The Harley Tee and Cut-Offs?

What to wear when talking to the media: the blue, button-down Oxford or my favorite Harley tee? Of course, that is only part of the larger issue, which is how to handle the media. Well, you can’t handle the media. The media handles you.

But remember, the media is not a court judge or a district attorney. The media has no inherent privilege, no constitutional right, no legal authority to invade your privacy without your permission. You do not have to answer any question, appear on camera or be interviewed. The media may, however, photograph you without permission in relation to a newsworthy feature, and it will save your images to use in some possible story later.

If you are involved in a self-defense incident, you will be confronted by members of the media. Unless you live in a small town, they will be the lowly grunt reporters — not editors or publishers, not decision-makers or policy managers, and certainly not neighbors.

The media is professionally trained to get your story, make the most of it and move on. Regardless of apparent empathy and what they tell you, street reporters are not your friends. They are solely after a story, a byline, a promotion and their own small niche in America’s endless celebrity circus. They will use you, your words, your clothing, your house and your family to frame a narrative that is in their best interest.

You’ve heard the line, “If it bleeds, it leads.” It is true for a variety of reasons. The media does not care about you except as a means to an end — its own end — which is selling newspapers or increasing its Nielsen ratings.

KNME TV anti-gun channel building

If it comes to being interviewed by a known anti-gun outfit such as PBS (represented by Albuquerque’s KNME TV), you may always politely decline.

Nevertheless, do not approach the media as though it were the enemy (although it is). Do not sneer or make a joke of any kind, even if a joke might help you control your nervousness. That will surely make for a hostile interview and write-up, and you will be public toast.

First, let’s look at how the media does not want you to appear. The media does not want to deal with a sane, rational individual. It can hardly be bothered to interview a well-dressed person who either is or seems thoughtful, compassionate and intelligent. It prefers shoving a microphone into the individual’s face in front of either a trashy, crummy looking trailer or a magnificent mansion. In the first instance, it subverts you as an ignorant redneck, and in the second, it presents you as a rich, out-of-touch snob.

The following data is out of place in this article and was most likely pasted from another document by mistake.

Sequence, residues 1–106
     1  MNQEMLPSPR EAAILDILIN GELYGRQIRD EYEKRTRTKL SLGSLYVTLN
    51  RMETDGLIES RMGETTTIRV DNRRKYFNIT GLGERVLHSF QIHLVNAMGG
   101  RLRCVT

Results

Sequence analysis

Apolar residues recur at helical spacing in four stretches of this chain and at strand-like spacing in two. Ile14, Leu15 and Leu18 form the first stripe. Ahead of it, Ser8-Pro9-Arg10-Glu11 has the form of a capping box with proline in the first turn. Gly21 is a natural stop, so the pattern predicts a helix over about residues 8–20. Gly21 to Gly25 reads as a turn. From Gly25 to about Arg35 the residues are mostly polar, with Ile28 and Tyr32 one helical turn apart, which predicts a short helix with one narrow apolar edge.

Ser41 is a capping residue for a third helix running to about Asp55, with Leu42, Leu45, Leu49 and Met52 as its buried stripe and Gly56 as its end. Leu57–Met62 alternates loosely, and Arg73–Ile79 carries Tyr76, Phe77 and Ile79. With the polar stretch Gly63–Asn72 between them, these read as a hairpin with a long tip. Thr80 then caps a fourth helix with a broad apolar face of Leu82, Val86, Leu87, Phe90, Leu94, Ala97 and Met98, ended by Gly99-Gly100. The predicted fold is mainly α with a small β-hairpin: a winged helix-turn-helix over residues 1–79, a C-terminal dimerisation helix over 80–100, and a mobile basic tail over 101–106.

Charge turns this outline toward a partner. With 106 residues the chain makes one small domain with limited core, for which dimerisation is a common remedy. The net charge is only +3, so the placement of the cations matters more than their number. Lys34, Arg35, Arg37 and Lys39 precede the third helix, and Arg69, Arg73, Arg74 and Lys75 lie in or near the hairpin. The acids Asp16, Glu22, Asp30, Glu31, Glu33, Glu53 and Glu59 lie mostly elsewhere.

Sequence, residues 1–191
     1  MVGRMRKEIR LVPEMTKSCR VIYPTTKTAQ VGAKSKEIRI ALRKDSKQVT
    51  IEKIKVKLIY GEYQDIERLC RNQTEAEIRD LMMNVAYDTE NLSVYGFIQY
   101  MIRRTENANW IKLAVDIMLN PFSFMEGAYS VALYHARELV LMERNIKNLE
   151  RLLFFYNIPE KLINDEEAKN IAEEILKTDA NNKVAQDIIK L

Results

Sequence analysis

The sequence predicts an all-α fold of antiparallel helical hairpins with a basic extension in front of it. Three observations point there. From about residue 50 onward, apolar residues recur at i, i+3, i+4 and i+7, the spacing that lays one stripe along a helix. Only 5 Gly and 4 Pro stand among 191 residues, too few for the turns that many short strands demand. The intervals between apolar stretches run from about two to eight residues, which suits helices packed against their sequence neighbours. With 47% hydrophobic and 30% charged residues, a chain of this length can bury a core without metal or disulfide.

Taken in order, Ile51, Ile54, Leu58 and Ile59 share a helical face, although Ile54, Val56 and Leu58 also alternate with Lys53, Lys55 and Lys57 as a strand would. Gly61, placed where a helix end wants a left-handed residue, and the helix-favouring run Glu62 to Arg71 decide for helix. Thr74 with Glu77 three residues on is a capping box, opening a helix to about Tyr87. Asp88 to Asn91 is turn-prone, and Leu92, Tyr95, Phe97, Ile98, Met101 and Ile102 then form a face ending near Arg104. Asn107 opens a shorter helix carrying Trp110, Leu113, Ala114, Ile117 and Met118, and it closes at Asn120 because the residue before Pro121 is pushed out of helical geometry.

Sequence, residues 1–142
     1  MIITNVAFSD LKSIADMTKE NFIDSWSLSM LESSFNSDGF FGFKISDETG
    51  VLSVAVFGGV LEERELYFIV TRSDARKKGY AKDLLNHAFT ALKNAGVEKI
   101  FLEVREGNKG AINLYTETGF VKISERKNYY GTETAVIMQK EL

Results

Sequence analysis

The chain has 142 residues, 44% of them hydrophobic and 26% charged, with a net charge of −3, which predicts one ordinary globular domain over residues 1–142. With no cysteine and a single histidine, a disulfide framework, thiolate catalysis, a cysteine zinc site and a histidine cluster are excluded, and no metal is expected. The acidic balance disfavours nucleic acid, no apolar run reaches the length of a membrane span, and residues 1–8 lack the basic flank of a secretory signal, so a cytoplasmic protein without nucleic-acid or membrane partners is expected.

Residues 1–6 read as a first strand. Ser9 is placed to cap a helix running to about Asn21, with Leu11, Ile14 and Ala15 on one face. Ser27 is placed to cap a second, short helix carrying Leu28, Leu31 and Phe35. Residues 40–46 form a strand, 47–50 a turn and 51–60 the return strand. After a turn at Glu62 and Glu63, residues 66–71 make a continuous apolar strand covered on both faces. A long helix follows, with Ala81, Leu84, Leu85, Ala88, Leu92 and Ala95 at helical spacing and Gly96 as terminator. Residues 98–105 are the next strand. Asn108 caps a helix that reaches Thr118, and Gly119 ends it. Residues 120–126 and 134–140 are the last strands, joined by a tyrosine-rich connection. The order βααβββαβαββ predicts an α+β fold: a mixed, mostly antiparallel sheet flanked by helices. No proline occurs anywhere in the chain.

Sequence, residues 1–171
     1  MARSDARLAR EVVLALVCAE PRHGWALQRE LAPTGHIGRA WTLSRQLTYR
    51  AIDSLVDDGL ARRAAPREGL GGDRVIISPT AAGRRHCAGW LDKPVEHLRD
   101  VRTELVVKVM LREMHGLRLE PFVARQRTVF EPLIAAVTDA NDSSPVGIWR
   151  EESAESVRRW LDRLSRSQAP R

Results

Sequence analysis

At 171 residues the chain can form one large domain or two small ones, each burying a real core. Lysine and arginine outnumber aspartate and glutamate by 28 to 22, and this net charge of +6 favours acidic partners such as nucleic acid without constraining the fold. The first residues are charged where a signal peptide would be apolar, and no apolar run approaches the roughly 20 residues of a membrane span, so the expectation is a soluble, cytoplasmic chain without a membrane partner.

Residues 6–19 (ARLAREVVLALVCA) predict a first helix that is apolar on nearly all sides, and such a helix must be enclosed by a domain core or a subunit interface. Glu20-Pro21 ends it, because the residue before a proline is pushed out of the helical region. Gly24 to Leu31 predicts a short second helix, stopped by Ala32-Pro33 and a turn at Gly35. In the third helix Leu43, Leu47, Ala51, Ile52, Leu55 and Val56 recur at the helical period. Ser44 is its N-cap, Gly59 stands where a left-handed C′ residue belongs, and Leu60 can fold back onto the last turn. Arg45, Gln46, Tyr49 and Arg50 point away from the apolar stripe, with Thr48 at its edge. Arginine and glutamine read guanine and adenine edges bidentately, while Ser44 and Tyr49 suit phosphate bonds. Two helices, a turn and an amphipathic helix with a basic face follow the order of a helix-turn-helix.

In the aftermath of a self-defense incident, even the most unflustered individual may have difficulty speaking logically. I suggest giving a reporter approximately the same answers you would immediately give to the police, something like, “I believed my life [or someone else’s life] was in danger. I’ll be most happy to answer your questions, but I’m a bit shaken right now and need some time to compose myself and speak to my lawyer.” That may work until you can catch your breath, perhaps surround yourself with friends and loved ones, and contact the USCCA Hotline and your lawyer for advice.

Whatever the circumstances, do not lie — ever. If you do not have your facts and feelings under control, do not say something that can easily be either misconstrued or checked and discovered to be false. Do that just one time, and your reputation is ruined. And never try to hide your face; that spells “guilty” from one side of the frame to the other.

It is my contention that following a stressful incident, in front of a battery of microphones, we either clam up or become talking bobbleheads. In the moments after a terrifying ordeal, many people want to talk — to blab about what happened, their feelings and how frightened they were and on and on. Just remember that anything you tell a journalist, cop or neighbor can be used against you in court. So, it all depends on our personality and perhaps on training and practice. Most of us would rather have our fingernails torn out than speak in public. Even if there is just one reporter with a camera or a microphone, the effect will feel the same as standing in front of an audience of jilted lovers or skeptical, cat-calling teenagers.

As for the Harley tee and cut-offs? Sure, and then there’s the white rabbit outfit from Easter and the ghost costume for Halloween. Use your head! Dress up, and if you can’t do that, at least clean up.